U.S. energy companies slashed mining and exploration investment by more than a third last year as tumbling oil prices forced cutbacks, new U.S. economic data show.
Spending on wells and mines fell to $87.7 billion in 2015, a 35 percent drop from 2014 investment levels of $135 billion, the U.S. Bureau of Economic Analysis recently estimated. Oil and gas producers drove the bulk of that decline as companies shelved large exploration projects and laid off tens of thousands of workers amid shrinking revenues.
U.S. oil prices have dropped by almost three-quarters over the last 20 months, plunging from more than $100 a barrel in June 2014 to around $28 a barrel Wednesday.
American and global oil supplies are surging while petroleum demand is growing less quickly than expected, fueling fears of a supply glut. Worldwide, oil and gas companies have canceled an estimated $380 billion in projects since the oil-price downturn began in 2014, Wood Mackenzie analysts estimated in January.
“Companies are very, very reluctant to spend, because they see the macro situation of just too many barrels out on the market,” said Jeff Barron, an industry economist at the U.S. Energy Information Administration in Washington. “It’s not a very ripe time for them to try and generate returns.”
The $87.7 billion investment figure reflects the BEA’s advance analysis for fourth-quarter and full-year 2015 results, which is subject to revision.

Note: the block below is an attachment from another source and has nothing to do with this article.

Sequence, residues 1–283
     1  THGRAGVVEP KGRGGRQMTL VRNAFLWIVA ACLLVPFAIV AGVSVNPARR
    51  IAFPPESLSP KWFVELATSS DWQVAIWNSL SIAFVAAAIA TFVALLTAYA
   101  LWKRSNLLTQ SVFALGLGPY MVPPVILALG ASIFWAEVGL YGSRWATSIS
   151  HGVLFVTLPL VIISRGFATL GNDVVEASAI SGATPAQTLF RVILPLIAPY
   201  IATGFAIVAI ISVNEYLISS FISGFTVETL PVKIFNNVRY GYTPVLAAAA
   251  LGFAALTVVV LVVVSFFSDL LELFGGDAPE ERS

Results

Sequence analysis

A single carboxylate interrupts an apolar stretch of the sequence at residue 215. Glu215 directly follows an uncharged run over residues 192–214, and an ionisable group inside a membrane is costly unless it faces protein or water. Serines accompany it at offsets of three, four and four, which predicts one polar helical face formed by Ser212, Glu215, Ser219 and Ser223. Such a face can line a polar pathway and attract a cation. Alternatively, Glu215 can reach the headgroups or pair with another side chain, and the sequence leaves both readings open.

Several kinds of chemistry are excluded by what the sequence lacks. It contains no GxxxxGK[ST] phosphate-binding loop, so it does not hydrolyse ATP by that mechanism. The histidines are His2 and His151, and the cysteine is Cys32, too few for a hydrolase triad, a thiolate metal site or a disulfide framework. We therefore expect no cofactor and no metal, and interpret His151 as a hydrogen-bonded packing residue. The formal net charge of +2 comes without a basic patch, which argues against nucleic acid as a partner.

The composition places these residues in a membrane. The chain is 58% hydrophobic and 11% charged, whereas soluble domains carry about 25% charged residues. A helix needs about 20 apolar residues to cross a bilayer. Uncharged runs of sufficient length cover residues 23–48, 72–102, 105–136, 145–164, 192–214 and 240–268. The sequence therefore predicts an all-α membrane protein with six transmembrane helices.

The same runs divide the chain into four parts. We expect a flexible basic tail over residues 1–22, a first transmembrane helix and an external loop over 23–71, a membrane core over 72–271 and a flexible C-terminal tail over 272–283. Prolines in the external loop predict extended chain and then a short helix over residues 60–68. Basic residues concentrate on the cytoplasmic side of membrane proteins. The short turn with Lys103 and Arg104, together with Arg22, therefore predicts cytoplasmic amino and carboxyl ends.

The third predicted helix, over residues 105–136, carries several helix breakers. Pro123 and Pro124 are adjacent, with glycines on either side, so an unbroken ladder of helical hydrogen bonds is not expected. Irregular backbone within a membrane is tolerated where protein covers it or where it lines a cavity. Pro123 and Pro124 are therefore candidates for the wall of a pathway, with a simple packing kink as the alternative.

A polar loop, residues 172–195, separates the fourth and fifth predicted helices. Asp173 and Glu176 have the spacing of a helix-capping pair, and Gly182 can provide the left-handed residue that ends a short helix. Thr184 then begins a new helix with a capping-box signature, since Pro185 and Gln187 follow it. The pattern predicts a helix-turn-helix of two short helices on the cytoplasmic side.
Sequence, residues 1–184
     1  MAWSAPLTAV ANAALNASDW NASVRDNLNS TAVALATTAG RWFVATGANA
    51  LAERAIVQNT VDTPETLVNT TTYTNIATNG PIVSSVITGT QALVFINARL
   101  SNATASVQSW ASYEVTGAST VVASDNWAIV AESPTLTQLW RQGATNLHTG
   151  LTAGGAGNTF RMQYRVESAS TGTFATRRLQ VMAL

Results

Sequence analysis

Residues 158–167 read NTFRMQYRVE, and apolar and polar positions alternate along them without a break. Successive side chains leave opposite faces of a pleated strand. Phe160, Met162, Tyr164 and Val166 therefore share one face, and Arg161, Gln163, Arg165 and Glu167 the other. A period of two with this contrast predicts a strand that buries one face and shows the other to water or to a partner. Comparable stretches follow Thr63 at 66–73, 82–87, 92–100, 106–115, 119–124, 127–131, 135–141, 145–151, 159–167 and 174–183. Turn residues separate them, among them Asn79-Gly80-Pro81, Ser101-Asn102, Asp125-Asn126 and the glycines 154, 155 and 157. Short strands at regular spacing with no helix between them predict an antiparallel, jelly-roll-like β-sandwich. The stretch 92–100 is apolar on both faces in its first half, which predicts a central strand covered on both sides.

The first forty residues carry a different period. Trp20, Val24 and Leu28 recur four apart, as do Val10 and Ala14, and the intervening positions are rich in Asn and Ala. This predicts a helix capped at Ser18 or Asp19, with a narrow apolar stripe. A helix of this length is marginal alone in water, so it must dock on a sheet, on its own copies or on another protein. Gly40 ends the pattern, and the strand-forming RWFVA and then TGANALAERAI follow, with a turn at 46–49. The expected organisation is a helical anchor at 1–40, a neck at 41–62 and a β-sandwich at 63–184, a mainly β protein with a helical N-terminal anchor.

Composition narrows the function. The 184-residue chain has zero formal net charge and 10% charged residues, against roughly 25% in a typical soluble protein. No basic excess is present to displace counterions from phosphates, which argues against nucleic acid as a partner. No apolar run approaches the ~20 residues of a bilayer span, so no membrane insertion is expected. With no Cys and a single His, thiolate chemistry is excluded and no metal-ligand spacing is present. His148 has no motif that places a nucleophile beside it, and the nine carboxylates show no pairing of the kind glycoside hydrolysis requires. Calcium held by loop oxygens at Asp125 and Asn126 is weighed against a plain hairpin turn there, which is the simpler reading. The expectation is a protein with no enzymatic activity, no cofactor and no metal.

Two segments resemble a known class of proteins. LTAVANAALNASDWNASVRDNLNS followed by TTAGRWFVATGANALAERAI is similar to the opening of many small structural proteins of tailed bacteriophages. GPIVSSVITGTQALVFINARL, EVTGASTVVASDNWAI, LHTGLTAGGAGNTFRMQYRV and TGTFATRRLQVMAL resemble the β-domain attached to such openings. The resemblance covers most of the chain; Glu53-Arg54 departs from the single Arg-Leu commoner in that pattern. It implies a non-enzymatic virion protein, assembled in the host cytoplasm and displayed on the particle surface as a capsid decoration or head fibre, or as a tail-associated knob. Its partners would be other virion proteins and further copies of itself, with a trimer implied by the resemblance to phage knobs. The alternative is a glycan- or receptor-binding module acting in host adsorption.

Last year’s 35 percent investment cut is the second-largest year-over-year decline since the BEA started tracking the sector in 1948. The biggest drop was from 1985 to 1986, when investment fell 41 percent amid a similar plunge in oil prices, Barron said.
U.S. coal companies also slashed investments last year as plunging prices, weakening demand and ballooning debt loads forced a handful of companies — including Arch Coal and Alpha Natural Resources — to file for bankruptcy protection. Shares of Peabody Energy Corp., the world’s largest private-sector coal company, have lost more than 98 percent of their value since February 2015.
But Barron said the coal industry accounted for only a fraction of the decline in 2015 mining and exploration investment. “Spending in coal has been down for a long time,” he said.
Across the economy, U.S. gross domestic product grew 2.4 percent in 2015, the same rate as in 2014, according to the BEA's advance estimates.